Mobile Workers and Travel Time
The Employment team at Healys discuss the impact of travel time on mobile workers.
Travel to work
For workers without a fixed office or workplace, the time spent travelling to and from home to appointments at the start and end of the day will now count as working time.
This was the decision of the ECJ in a case brought by workers at a Spanish company, Tyco. The workers at Tyco installed security equipment in clients’ homes and businesses and following the closure of various regional offices were assigned to the Madrid office.
Who is affected?
Mobile workers in EU countries. The case extended the definition of working time. The European Working Time Directive says that workers do not have to work more than 48 hours per week (unless in the UK they have opted out). So if they have not opted out, the time workers spend travelling to and from first and last appointments now has to be included and if this brings the weekly total close to or over the 48 hours limit, workers’ hours may have to be reduced, working patterns changed (or in the UK workers could be invited to sign an opt out).
Workers who spend significant periods of time at single locations or sites (e.g. construction workers) are not affected by this decision
What about pay?
This case does not directly deal with pay, just with what counts as working time. The National Minimum Wage (NMW) is a UK concept and not a European one. So a worker can’t rely directly on this decision of the ECJ or the Working Time Directive to argue that this sort of travelling time should be paid at a specific rate (e.g. the national minimum wage).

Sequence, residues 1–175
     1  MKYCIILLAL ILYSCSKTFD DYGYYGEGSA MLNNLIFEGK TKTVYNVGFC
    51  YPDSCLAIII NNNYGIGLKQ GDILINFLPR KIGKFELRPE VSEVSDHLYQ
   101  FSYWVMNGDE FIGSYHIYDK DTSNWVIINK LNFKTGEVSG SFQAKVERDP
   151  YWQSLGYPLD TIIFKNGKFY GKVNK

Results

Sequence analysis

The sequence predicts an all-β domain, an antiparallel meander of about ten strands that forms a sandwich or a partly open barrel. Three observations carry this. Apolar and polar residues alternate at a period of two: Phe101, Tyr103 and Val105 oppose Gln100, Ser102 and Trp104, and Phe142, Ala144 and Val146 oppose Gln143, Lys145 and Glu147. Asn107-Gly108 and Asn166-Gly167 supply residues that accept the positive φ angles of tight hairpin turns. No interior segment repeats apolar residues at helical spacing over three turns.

However, the decision may be an opportunity for mobile workers who are on the national minimum wage to argue that as this travel time is now defined as working time in European law, the same definition should apply to the NMW Regulations. We will keep an eye on any developments and update you.
Comment and Suggested Actions
Employers using mobile workers with no fixed workplace should review pay rates, working time and any working time opt outs and be prepared to adjust working hours or patterns to avoid exceeding 48 hour weekly limits.
- Identify any workers who do not have a normal place of work and who go directly to client customer assignments
- Review what travel time should now be included
- Review the contractual position (any opt out already ?), work patterns and hours for these workers
- Consider potential options to avoid any unlawful exceeding of WTR 48hrs limit
Case: Federacion de Servicios Privados del sindicato Comisiones Obreras v Tyco Integrated Security SL and anor.
For advice on any aspect of pay, working time and travel, contact: Allison Grant, Nick Evans or Julia Stirling on 020 7822 4000 or email email@example.com.